Arrests follow violence at Cal State meeting over $500 tuition hike

Shattered Glass CU

Adolfo Guzman-Lopez/KPCC

Protesters smashed one of the large glass doors leading into the CSU Board of Trustees' headquarters on Wednesday, Nov. 16, 2011.

Adolfo Guzman-Lopez/KPCC

Police face protesters at CSU Board of Trustees meeting, Nov. 16, 2011

Student Detained

Adolfo Guzman-Lopez/KPCC

San Diego State student detained after violence mars CSU trustee meeting on Wednesday, Nov. 16, 2011.

Student on Floor

Adolfo Guzman-Lopez/KPCC

A San Diego State student being detained on Wednesday, Nov. 16, 2011.

CSU Broken Glass

Adolfo Guzman-Lopez/KPCC

Protestors broke through a glass door at San Diego State at the CSU trustees meeting on Wednesday, Nov. 16, 2011.


Violence interrupted the Cal State University Board of Trustees meeting today as trustees were poised to vote on a tuition increase. The trustees reconvened elsewhere and voted to approve the $500 increase for undergraudates for fall 2012, a 9 percent hike, bringing tuition to nearly $6,000. With fees, students will pay about $7,000 per year.

One of the large glass doors leading into the California State University Board of Trustees' headquarters was smashed as protestors tried prying it open while officers held it shut. This followed the trustees going into recess when protestors would not stop talking after the public comment period ended.

University police used pepper spray on protestors. Three officers were injured and four protesters were arrested. About two dozen university police officers in full riot gear stood in front of headquarters to keep protesters at bay. There were around 150 protesters outside.

A few protesters forced their way in earlier to the Long Beach meeting and had an altercation with officers. At least three were taken away by officers.

Following the altercations, protesters dispersed.

Students have been demonstrating at the trustees meeting and on several campuses across the state.

The trustees say tuition will go up next fall unless state lawmakers boost funding for higher education. University officials said they’d hoped to avert the increase with an extra $138 million from the state. California’s $13 billion budget shortfall projection, announced Wednesday, makes that an unlikely prospect.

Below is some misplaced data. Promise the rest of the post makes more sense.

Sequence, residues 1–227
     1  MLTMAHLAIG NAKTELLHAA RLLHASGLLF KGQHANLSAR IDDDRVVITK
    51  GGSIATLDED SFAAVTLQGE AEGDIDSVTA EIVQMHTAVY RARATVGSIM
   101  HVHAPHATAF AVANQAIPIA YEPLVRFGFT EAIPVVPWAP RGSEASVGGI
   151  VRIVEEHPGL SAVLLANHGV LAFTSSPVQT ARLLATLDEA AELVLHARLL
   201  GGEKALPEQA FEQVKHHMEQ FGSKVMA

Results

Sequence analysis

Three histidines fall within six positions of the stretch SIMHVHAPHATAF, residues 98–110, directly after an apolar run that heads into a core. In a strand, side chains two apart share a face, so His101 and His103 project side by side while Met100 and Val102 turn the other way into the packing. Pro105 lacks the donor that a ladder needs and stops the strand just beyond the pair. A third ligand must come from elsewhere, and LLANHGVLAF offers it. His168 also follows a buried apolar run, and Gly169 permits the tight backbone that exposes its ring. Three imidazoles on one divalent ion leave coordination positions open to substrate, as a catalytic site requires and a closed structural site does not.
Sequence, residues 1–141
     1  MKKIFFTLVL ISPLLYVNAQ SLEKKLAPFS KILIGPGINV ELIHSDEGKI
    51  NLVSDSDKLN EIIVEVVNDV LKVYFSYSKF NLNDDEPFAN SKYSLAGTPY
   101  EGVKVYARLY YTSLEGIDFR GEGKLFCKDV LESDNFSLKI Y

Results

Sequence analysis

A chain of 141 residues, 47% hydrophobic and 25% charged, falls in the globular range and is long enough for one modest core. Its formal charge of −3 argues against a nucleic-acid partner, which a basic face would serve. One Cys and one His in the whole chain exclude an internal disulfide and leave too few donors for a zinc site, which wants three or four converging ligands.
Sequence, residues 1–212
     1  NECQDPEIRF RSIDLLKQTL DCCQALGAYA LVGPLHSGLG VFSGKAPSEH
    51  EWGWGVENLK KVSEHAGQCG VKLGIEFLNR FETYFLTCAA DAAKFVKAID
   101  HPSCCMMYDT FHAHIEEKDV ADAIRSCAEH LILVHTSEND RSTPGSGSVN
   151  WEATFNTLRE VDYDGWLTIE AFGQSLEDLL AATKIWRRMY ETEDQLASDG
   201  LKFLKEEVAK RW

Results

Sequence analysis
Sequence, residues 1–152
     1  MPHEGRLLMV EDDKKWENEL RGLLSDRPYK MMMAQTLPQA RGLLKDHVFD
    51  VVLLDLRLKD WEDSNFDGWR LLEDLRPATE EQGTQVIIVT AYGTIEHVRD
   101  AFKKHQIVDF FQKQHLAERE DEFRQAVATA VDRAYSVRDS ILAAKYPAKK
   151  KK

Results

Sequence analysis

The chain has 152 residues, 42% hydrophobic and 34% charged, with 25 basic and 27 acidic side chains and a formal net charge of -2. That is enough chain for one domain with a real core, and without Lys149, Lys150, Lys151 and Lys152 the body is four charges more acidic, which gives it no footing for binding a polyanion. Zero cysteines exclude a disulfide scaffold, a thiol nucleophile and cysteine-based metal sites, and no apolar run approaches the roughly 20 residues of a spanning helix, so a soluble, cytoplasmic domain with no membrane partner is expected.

James Henderson is the dean of the College of Natural and Social Sciences at Cal State L.A. He says he knows the chance the state will boost higher education funding is slim.

“I don’t think anyone has the sense there’s money just laying around the state is looking for a place to invest," Henderson said. "But I also think it’s a question of what are our priorities as a state. And where do we feel we need to invest."

He says CSU students face big challenges. "Our students are working 30 or 40 hours a week. They’re taking care of family members. They’re working two or three jobs. And they’re trying to get an education. And for them an increase of 9 percent is a lot. It's really difficult."

With the increase, tuition in the CSU system next fall will be triple what it was a decade ago.

UC Regents could soon adopt a similar tuition increase plan.

Cal State Long Beach senior James Suazo participated in a demonstration earlier today. He told KPCC’s Larry Mantle that CSU trustees should have considered other options.

“They needed to create a campaign to tax the wealthiest 1 percent," Suazo said. "They need to close the corporate loopholes created by Prop 13. They need to advocate on behalf of students that we can’t afford these and that we need to take the money from the people who have the money, which is the 1 percent, which is the banks, because students cannot afford this. And we can’t afford these attacks.”

KPCC's Mike Roe contributed to this story.

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